• If you are crafty, you can easily build those things in those links. They are essentially straps wrapped around tubes. The difference between a bike tube and the car exhausts is the ability to dissipate heat. Car exhaust tubes are large and long, they will spread the heat out more. Bike tubes will be a little harder. Plus a car exhaust tube is not load bearing, just contains gas - strength is not a real issue except for vibration. My dad has been welding for 45 years professionally and I am a Mechanical Engineer, grew up around welders. – Brady Jun 12 '16 at 15:04
  • 1
    They all function via an arc of electricity, but in the US the term "arc welding" is what people use to refer to a stick welder since it is the most common form of welding. So we may have got some terminology mixed up in this discussion. – Brady Jun 13 '16 at 10:27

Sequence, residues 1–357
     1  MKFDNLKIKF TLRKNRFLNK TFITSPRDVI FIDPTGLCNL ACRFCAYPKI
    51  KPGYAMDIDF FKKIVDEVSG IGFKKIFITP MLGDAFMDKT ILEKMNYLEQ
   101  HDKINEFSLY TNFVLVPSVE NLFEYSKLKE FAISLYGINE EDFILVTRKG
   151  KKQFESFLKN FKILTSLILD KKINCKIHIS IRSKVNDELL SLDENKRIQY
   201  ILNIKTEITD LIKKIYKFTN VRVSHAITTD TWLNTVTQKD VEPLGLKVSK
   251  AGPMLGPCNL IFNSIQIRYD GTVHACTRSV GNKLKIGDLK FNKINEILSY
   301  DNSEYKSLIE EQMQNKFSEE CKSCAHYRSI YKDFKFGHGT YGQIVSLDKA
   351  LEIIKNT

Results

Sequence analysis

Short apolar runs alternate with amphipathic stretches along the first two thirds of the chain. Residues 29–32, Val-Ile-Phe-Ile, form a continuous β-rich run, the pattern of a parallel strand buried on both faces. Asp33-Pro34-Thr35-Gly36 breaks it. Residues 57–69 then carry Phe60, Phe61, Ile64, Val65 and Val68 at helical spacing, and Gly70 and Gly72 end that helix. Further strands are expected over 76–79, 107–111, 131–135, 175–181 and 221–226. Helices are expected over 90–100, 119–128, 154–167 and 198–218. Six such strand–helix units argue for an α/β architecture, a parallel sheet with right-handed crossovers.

• 1
    I updated my answer to be more clear. Replaced arc welding with stick welding. – Brady Jun 13 '16 at 10:29

Your Answer

By clicking “Post Your Answer”, you agree to our terms of service, privacy policy and cookie policy

Not the answer you're looking for? Browse other questions tagged or ask your own question.